The study proposes to examine the factors that influence change in physical activity in boys and girls as they transition from elementary to middle school. The proposed study will be unique in applying state-of-the-art measures and multi-level modeling strategies in examining the mechanisms that underlie change in physical activity during the transition from childhood to adolescence. The study's findings will markedly expand the body of knowledge regarding the influences on development of physical activity behavior in youth. The major objectives of the study are:
To determine the influences of personal social-cognitive, family, neighborhood, school,
and community factors on changes in physical activity in African American and white
boys and girls as they transition from elementary to middle school.
To examine the effects of gender, race and neighborhood environment on factors influencing changes in physical activity as African American and white children transition from elementary to middle school.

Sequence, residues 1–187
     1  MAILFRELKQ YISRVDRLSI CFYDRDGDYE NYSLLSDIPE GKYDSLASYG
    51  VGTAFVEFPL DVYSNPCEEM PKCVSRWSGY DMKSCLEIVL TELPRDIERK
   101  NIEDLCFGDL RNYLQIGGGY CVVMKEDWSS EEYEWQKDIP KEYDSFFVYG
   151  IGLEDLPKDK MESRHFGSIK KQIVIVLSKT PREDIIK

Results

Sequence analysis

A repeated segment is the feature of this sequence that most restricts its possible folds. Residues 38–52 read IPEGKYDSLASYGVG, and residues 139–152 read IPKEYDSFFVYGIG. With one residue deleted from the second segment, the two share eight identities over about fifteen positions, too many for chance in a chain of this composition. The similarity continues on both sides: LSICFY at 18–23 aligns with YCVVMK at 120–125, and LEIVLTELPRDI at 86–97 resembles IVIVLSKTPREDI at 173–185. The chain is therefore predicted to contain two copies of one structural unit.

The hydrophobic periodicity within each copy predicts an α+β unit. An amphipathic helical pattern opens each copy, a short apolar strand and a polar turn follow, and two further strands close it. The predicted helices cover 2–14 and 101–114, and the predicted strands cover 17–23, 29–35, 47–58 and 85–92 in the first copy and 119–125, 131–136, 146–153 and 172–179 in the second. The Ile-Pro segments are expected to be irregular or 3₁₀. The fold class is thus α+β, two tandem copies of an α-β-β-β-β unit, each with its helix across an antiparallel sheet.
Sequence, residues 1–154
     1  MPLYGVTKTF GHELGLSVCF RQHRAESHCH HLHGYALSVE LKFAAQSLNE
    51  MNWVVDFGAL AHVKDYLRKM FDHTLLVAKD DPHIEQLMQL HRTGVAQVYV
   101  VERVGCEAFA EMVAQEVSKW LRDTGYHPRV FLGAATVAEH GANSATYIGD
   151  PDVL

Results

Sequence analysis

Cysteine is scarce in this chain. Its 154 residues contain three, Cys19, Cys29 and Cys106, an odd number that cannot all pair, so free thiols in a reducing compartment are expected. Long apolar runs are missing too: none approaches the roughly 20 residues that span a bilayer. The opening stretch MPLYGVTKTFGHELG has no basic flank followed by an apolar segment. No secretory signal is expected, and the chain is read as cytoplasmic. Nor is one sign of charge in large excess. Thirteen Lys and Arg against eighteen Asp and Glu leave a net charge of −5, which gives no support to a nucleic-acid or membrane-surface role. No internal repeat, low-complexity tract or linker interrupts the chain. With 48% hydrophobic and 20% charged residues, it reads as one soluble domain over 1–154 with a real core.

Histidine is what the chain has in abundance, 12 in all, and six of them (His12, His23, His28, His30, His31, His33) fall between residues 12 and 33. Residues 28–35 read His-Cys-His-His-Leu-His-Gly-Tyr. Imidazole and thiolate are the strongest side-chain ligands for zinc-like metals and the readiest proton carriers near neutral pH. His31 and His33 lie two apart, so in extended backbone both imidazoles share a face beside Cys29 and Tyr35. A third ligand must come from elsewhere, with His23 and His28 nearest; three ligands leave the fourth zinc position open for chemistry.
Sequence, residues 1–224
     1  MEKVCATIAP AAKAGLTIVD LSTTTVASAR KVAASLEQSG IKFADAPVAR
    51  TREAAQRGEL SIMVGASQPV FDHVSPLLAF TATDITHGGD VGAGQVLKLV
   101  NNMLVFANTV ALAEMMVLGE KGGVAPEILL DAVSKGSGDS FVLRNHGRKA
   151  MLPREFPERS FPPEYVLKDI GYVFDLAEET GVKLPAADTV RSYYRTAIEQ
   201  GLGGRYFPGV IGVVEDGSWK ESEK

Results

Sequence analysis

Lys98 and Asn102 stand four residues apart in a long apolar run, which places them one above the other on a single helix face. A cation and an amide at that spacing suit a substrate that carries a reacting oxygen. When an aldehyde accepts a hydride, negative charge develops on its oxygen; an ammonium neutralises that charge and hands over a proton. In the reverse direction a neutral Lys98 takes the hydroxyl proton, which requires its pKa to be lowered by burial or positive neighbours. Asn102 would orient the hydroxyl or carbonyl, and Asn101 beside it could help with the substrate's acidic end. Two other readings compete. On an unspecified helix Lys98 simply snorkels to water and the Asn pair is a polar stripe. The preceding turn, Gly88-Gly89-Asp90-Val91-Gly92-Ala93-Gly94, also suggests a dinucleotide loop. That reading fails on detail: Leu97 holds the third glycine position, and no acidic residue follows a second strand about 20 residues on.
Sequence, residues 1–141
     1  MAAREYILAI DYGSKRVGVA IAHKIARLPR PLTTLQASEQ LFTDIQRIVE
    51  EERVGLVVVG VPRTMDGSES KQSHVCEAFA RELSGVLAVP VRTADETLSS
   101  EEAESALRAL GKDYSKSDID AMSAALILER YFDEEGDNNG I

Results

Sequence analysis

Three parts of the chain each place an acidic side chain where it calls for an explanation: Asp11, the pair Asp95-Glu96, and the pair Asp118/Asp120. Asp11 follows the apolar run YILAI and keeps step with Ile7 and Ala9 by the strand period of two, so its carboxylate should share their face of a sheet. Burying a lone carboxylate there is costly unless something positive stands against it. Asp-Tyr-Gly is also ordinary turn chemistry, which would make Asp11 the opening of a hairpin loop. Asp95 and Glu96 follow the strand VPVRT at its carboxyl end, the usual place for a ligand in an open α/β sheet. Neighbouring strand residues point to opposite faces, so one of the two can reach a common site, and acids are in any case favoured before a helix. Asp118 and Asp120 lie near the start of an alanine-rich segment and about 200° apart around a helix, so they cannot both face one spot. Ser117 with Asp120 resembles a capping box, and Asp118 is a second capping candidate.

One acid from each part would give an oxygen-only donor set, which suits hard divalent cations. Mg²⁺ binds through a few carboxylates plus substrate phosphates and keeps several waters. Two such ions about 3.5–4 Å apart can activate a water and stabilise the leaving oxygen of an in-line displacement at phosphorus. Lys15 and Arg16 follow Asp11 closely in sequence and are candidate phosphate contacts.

Recruitment began in the fall of 2010. Over 1100 5th graders were recruited to participate in the study. Each participant will complete all measures each year of the study, during their 5th grade, 6th grade and 7th grade years.
Timeline: 2008 - 2012
Funding Source: NIH
Principal Investigator: Russell R. Pate
Co-Investigator(s): Ruth Saunders, Cheryl Addy, Rod Dishman, Natalie Colabianchi, Lyndie Carney-Forthofer, Dwayne Porter
Taverno Ross SE, Byun W, Dowda M, McIver KL, Saunders RP, Pate RR. Sedentary behaviors in fifth-grade boys and girls: where, with whom, and why?. Childhood Obesity. 2013 Dec 1;9(6):532-9.[pdf]
Dishman RK, Saunders RP, McIver KL, Dowda M, Pate RR. Construct validity of selected measures of physical activity beliefs and motives in fifth and sixth grade boys and girls. Journal of pediatric psychology. 2013 Mar 4;38(5):563-76.[pdf]
Ross ST, Dowda M, Colabianchi N, Saunders R, Pate RR. After-school setting, physical activity, and sedentary behavior in 5th grade boys and girls. Health & place. 2012 Sep 1;18(5):951-5.[pdf]